MUSIQUE LAB 2 : A THREE LEVEL APPROACH FOR MUSIC EDUCATION AT SCHOOLSkip other details (including permanent urls, DOI, citation information)
This work is licensed under a Creative Commons Attribution-NonCommercial-NoDerivatives 3.0 License. Please contact email@example.com to use this work in a way not covered by the license. :
For more information, read Michigan Publishing's access and usage policy.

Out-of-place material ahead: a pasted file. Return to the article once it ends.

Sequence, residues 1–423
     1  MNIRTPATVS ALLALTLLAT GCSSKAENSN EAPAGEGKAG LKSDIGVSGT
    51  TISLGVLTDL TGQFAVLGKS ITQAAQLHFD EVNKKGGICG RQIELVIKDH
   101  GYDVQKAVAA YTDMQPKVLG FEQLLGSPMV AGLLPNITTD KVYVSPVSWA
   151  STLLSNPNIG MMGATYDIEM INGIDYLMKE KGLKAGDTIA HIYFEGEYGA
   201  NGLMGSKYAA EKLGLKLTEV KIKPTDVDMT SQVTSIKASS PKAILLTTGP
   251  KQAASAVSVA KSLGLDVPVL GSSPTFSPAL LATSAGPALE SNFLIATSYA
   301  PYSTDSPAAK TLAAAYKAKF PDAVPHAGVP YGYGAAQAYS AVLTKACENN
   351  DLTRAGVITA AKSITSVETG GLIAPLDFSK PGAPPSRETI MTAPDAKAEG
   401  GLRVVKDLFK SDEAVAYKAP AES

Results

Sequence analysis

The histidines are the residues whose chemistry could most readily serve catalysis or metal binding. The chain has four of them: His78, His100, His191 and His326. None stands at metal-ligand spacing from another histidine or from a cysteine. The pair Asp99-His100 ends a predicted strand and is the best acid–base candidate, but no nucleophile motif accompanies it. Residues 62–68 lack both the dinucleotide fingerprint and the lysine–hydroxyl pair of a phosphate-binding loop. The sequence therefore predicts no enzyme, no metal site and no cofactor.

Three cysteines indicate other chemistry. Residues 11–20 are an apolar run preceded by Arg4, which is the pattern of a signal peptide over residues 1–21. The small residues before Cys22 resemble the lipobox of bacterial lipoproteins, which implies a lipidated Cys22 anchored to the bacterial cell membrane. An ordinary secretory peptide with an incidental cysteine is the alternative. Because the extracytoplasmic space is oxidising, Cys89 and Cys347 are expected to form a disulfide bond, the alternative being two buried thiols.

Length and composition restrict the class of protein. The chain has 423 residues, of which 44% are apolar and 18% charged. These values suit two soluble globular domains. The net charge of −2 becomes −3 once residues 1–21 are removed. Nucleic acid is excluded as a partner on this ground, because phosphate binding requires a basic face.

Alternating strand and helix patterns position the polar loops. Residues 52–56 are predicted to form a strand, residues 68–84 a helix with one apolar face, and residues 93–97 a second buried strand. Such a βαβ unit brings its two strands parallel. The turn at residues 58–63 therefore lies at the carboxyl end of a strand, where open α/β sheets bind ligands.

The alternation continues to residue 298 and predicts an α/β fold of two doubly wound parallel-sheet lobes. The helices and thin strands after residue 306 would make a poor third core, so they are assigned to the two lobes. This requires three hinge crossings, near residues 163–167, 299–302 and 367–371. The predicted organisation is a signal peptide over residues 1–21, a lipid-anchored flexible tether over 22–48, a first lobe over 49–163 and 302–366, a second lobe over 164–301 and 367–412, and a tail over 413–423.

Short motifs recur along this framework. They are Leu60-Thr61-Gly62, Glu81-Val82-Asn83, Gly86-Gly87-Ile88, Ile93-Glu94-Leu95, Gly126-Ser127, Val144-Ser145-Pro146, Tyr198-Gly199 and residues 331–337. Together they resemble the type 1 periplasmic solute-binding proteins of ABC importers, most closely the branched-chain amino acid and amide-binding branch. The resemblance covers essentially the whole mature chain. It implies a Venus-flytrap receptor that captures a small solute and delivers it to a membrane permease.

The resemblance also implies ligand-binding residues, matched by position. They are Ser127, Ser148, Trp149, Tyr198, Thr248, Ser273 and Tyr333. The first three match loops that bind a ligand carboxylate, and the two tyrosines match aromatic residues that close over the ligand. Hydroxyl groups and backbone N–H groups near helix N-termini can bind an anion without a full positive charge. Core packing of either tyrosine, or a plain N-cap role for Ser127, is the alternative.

Page 00000001 MUSIQUE LAB 2: A THREE LEVEL APPROACH FOR MUSIC EDUCATION AT SCHOOL Vincent Puig Fabrice Guedy Michel Fingerhut Fabienne Serriere Jean Bresson Olivier Zeller IRCAM 1 place Igor Stravinsky 75004 Paris puiZ ircarmfr http://musiquelab.ircam.fr ABSTRACT Musique Lab 2 is the follow-up development of a software suite, first designed in 1999 with high school music teachers, for interactive music manipulations based on MIDI and currently used in more than 2000 classrooms. This second generation, intended both for high schools and conservatories has been commissioned by French Ministry of Education and French Ministry of Culture. Musique Lab 2 can be approached through three pedagogical strategies according to the teacher: an approach by way of the repertoire using simple annotation and synchronisation tools (ML-Annotation), an approach through interactive sound creation and production (ML-Audio) and an approach based on musical composition (ML-Maquette). 1. MUSIQUE LAB 1 Musique Lab 1  is a set of 6 interactive applications for Mac OS X and Windows which is freely downloadable for French high schools since September 2002 and for which an international edition has been marketed since April 2003. 1.1. Pitch and dynamics This application explores pitch and intensity as evolutional continua and dynamic variations. The interface offers in up to four interactive voices an access to many actions: drawing of the pitch and intensity curves, symmetrical process on the curves, duration, timbre, mixing, controlling, adjustments and results recording. 1.2. Polycycles This application explores cycles sets and polyrhythmic, repetitive systems, isorhythmic and intervals sets. 1.3. Clouds This application build textures or evolutional frames thanks to various granular type processes (exclusively MIDI) and to control their dynamic evolutions. It allows one to experiment and to understand the material/form in the audio domain. The obtained results are rich and diversified, certainly atypical in the MIDI field. 1.4. Scales and Modes This application allows one to discover the scale and modes of old, contemporary, tempered, non-tempered, oriental or non-octaviant scales. For the first time, this application offers to a non specialist the possibility to understand and experiment this universe known as inaccessible, thanks to a clear and user-friendly interface allowing to clearly visualize the scales, to modify them and create new one to play them with any MIDI instrument, and to read and record MIDI files. 1.5. Rhythmic construction This application help one to design rhythmic models on four voices. For each one, apart from the percussion timbre, the number of beats of the tempo and the division of each beat can be modified. Two modes allow one to work either with a constant beat or with duration of constant tempo, the whole set opening to two complementary approaches of the rhythmic writing. At first, it's a matter of model construction based on tempo, times, accentuations and constructions of phrases criteria. Subsequently, it's a matter of ordering these models horizontally and vertically before applying phrasing curves or variations occurring at different levels. Once realized, these phrases can be changed along time. Figure 1. Pitch & Dynamics in Musique Lab 1